Monday, December 21, 2015

Christmas Compulsion

I ran out of Christmas cards.

I bought two small boxes in August, one more in September and thought I had more than enough.

I have an address list on my computer [I used to have an address book but times change]. I guess there are more than 100 names on it.

I started writing cards to friends who live in other countries. Then very special relatives and friends. Then people who are very important to me . . . But I ran out of cards before I ran out of names.

I wrote holiday wishes on non-holiday note cards … and then I ran out of those.

Then I even ran out of stamps.

But I didn’t run out of people I wanted to send good wishes to.

I have no idea why it has become so important to touch base with people at this particular time of year ... this particular year.

But it is.

Sometimes it seems as though everything is being torn apart. Things are being blown up-- innocents shot -- thousands upon thousands wandering homeless-- so many people so lost, so cold, so hungry.

We need good wishes, we need to reach out to each other, extend caring and compassion, to remind ourselves how fortunate we are to have each other in our lives, however peripherally.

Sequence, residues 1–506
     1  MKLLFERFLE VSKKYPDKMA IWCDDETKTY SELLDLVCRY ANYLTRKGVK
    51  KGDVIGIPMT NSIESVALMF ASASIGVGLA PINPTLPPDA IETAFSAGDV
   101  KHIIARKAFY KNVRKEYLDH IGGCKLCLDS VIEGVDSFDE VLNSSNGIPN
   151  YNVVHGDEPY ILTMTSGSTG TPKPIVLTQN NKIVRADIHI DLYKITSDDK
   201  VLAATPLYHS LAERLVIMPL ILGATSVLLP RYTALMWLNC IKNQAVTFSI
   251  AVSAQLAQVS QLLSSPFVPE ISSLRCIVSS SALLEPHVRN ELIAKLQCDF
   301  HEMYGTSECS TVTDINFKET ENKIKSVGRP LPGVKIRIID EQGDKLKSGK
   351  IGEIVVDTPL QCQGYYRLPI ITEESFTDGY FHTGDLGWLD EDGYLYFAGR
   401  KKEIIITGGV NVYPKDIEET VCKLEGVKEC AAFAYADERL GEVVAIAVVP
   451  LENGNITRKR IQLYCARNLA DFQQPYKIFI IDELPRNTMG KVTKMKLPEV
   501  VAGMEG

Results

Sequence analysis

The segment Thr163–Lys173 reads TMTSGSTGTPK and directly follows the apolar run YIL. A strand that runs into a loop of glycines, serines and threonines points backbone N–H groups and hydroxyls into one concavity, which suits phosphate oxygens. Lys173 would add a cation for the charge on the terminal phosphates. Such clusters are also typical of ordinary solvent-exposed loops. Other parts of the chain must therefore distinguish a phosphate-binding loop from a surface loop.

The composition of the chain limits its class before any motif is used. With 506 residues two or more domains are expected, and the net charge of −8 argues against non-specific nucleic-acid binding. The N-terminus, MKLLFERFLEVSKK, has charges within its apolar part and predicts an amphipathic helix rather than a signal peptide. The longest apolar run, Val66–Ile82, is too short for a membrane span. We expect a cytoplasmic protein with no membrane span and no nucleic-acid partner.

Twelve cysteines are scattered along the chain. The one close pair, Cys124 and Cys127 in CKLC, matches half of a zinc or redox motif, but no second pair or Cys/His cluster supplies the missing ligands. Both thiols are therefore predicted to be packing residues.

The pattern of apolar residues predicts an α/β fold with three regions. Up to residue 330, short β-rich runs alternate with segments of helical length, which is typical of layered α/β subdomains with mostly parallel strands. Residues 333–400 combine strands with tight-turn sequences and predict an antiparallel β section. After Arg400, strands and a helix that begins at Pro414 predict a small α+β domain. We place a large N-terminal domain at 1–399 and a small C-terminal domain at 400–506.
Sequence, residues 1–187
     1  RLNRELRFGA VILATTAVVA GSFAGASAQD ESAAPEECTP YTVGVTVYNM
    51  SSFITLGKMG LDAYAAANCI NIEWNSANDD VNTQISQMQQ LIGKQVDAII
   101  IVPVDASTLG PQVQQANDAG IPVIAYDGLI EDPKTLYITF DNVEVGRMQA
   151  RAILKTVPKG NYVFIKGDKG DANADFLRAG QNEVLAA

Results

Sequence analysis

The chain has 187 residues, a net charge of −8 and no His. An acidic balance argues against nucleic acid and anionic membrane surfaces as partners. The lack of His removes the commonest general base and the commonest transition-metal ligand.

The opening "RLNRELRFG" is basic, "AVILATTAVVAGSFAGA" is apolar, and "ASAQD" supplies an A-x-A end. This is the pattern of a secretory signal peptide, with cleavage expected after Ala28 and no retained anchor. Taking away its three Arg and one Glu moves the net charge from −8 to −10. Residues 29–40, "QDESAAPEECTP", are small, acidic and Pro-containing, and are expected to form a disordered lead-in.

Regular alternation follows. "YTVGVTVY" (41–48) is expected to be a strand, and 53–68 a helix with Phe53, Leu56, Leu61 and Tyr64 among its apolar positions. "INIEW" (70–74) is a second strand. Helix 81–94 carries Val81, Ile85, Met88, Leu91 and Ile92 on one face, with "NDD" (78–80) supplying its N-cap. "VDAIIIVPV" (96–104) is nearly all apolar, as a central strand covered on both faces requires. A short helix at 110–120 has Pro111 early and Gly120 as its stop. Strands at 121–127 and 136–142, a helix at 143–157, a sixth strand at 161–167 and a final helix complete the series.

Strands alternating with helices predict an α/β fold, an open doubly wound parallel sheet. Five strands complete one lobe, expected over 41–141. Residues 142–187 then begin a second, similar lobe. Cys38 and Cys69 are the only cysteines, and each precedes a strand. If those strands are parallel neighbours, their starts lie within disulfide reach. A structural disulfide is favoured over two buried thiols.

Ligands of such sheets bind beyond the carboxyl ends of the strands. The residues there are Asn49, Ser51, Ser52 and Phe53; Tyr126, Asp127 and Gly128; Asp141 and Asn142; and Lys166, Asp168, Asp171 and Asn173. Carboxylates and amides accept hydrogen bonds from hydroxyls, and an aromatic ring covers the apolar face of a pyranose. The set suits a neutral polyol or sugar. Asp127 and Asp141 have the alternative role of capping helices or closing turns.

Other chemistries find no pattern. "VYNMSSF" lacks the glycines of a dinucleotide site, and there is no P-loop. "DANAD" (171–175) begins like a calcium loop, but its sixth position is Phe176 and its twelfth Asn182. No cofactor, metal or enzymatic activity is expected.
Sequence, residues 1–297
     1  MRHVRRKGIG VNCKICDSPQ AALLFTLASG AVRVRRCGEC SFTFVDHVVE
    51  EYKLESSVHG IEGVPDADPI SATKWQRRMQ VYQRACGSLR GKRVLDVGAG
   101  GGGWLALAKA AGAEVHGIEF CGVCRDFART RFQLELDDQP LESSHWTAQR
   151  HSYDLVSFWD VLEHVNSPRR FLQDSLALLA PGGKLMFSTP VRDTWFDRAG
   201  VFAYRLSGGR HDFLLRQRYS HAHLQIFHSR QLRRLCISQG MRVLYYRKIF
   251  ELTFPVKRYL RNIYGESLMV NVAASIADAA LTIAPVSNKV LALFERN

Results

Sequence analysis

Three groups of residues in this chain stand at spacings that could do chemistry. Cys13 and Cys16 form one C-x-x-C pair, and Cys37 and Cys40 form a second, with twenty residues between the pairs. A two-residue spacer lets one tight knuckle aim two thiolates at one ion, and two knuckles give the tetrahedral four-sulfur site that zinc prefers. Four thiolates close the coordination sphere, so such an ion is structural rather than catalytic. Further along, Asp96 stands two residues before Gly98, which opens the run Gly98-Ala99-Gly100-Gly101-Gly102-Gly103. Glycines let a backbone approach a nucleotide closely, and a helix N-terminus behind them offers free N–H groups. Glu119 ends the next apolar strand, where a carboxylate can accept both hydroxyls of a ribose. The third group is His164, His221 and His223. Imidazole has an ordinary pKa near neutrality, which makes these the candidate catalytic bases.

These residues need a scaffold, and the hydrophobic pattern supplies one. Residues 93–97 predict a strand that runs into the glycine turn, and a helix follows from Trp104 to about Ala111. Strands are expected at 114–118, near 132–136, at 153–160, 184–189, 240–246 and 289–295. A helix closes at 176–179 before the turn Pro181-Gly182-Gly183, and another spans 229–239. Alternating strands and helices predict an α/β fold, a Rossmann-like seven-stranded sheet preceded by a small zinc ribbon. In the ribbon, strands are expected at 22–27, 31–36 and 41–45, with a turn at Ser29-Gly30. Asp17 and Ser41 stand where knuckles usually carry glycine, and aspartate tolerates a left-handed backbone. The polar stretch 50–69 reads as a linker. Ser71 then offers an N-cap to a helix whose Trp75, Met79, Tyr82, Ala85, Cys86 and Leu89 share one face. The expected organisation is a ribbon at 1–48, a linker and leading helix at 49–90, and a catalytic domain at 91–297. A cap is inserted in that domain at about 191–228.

Because we all must carry on [calm or not] and do our best to acknowledge the interconnectedness of all of us.

So now I will send out e-cards.

God bless us, every one.

Wednesday, December 9, 2015

Driving Through Fear

A good friend of my – a really good friend, for a really long time – the kind of friend who forgives you when you are thoughtless and/or make mistakes – once loaned me a book entitled Feel the Fear And Do It Anyway. [At least I think that was the title. And I think I returned it. I hope so.]

I thought of that book when I prepared to go visit her for Thanksgiving. The weather forecast was terrifying – snow, ice, wind-- and she lives about 140 miles away.

I know that she didn’t quite understand why I was coming down (she lives south) on Thanksgiving Day (and not before) and returning home the following Saturday (instead of later). After all, I’m retired. I should be able to come and go whenever I please. Right. I am chairing a major community group and participating in a writers group and quite active in my congregation.

Plus, I’m significantly older than she (and many others). At this age, much of every week is consumed by appointments with caregivers of various kinds – doctors, physical therapists, Pilates instructors, dentists, and the wondrous people who help make my hair and nails and skin presentable.

And looming Christmas preparations.

Nonetheless, despite weather conditions and my own terror, I packed my toothbrush and drove south.

It was slow going but I made it. The Thanksgiving feast was amazing, the time with my friend, a treasure. And the trip home not quite as scary.

When weather conditions improved I took my car to the carwash. It deserved it.

 I deserved it. I had felt the fear but done it anyway. Hooray!